A study published in the Royal Society Open Science journal has revealed that a new species of a giant snake, named “Wonambi naracoortensis”, is the world’s largest reptile. The discovery was made after researchers found ancient fossils that belong to this giant snake were unearthed on an Australian sheep farm. These fossilized remains are approximately 23 million years old and depict a creature with scales covering its entire body, but no visible eyes or legs.
The study found that the reptile was 58 feet long and weighed an estimated 1.5 tons. It is assumed that this giant snake had to coil itself around its prey in order to constrict it before eating it whole. The fossils of the creature were first discovered by the farmer when the area was excavated to make way for a new runway at Adelaide Airport.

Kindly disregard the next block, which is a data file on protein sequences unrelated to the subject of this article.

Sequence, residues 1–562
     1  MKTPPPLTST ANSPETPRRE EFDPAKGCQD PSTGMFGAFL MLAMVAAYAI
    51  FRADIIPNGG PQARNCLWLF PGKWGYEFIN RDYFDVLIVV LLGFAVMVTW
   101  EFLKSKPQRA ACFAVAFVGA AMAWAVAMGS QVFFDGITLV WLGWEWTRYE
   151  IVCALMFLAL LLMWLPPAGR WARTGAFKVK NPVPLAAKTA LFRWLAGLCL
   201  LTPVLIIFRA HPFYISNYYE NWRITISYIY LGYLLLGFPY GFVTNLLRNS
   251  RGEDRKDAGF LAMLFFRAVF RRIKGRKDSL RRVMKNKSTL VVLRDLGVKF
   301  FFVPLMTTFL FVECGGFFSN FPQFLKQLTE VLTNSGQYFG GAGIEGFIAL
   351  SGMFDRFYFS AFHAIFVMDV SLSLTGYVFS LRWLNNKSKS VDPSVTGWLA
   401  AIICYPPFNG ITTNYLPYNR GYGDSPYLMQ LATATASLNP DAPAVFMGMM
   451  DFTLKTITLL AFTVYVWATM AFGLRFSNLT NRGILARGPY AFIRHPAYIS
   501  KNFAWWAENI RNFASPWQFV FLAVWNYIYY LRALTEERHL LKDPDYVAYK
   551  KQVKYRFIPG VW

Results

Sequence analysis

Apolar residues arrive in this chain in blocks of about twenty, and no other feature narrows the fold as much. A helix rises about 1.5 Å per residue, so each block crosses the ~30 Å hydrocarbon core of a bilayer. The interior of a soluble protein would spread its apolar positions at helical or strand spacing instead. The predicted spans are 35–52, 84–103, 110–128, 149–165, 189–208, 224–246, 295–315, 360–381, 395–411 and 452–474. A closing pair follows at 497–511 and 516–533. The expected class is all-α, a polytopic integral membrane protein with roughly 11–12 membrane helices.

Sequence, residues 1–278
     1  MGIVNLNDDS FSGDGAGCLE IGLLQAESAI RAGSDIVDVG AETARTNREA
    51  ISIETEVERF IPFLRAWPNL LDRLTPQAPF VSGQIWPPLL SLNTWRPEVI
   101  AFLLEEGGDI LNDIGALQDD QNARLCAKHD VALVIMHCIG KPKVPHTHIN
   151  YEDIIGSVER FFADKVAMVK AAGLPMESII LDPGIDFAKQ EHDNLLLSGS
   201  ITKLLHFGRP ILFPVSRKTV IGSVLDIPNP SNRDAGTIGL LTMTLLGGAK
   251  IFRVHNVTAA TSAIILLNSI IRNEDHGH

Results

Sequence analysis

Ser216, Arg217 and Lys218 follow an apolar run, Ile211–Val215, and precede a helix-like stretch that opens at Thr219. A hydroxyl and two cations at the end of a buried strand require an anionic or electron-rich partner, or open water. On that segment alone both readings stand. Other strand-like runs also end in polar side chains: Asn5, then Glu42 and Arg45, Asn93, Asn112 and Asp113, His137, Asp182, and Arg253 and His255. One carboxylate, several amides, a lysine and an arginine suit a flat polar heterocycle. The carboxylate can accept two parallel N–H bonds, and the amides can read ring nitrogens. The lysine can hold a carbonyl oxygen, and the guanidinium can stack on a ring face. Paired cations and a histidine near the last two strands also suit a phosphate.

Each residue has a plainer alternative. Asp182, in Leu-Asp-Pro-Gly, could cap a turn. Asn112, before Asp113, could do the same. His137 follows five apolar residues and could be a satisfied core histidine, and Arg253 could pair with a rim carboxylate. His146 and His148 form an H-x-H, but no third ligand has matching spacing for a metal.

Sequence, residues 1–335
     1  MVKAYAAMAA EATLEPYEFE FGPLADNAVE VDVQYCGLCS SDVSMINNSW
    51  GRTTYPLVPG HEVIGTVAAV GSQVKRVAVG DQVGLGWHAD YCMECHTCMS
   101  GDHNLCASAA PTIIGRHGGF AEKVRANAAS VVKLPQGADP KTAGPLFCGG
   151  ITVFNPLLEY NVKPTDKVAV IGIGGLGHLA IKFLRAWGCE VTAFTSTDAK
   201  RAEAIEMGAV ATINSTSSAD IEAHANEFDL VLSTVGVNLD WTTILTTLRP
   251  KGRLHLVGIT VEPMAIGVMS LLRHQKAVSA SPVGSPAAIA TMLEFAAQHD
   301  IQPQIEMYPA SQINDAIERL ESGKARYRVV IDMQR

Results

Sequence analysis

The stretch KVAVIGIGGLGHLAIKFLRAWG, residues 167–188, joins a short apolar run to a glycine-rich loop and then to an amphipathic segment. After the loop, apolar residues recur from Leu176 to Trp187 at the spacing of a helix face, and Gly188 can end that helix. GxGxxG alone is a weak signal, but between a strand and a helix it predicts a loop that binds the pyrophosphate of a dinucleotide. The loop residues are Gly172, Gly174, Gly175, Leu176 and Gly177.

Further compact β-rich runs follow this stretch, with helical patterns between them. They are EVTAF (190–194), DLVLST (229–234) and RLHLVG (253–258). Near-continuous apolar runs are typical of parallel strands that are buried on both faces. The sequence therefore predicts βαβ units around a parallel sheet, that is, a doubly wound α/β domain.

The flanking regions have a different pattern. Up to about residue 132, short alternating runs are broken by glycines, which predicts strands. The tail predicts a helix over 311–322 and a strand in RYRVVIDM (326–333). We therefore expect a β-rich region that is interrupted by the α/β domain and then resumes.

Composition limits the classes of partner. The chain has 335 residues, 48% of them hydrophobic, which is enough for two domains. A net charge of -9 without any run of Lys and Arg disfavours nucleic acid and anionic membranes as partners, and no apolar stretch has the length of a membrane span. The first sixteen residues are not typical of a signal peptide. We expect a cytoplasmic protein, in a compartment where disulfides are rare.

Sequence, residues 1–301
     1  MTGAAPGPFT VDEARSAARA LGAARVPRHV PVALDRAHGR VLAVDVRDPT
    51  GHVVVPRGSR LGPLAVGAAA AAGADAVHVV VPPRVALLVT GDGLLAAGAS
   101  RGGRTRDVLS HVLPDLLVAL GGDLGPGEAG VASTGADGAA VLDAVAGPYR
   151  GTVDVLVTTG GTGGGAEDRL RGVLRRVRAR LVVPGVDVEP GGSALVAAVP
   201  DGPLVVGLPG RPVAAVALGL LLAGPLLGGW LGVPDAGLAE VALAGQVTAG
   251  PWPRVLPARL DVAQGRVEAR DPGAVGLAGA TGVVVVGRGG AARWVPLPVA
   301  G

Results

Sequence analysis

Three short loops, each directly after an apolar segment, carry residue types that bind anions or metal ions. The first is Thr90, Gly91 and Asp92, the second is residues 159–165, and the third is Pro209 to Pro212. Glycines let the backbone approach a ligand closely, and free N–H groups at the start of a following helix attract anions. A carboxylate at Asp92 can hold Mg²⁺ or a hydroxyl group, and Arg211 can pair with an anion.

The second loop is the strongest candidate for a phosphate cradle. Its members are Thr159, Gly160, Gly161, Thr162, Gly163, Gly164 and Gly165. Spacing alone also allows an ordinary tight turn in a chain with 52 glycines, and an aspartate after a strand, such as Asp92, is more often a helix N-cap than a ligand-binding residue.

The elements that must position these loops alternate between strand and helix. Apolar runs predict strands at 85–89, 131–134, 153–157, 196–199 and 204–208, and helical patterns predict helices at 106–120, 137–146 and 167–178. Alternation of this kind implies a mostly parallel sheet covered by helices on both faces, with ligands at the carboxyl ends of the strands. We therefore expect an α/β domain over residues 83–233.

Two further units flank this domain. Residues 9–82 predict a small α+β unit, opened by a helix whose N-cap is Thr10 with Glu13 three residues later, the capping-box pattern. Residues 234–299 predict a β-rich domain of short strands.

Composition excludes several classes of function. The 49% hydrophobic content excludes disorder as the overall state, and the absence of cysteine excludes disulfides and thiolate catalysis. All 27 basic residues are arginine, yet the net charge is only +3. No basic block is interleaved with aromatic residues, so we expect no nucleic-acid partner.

Wonambi naracoortensis (commonly referred to as “Wonambi”) was an extinct genus of giant snakes, reaching 6.1 m in length, that lived during the late Miocene epoch of Australia. The type specimen, a fossilized vertebra from the extinct snake, was discovered at Lightning Ridge in New South Wales. The name “Wonambi naracoortensis” is derived from the Australian Aboriginal myth of the Rainbow Serpent and its association with water, as well as ‘naracoorte’ which refers to where it was first found at Naracoorte Caves.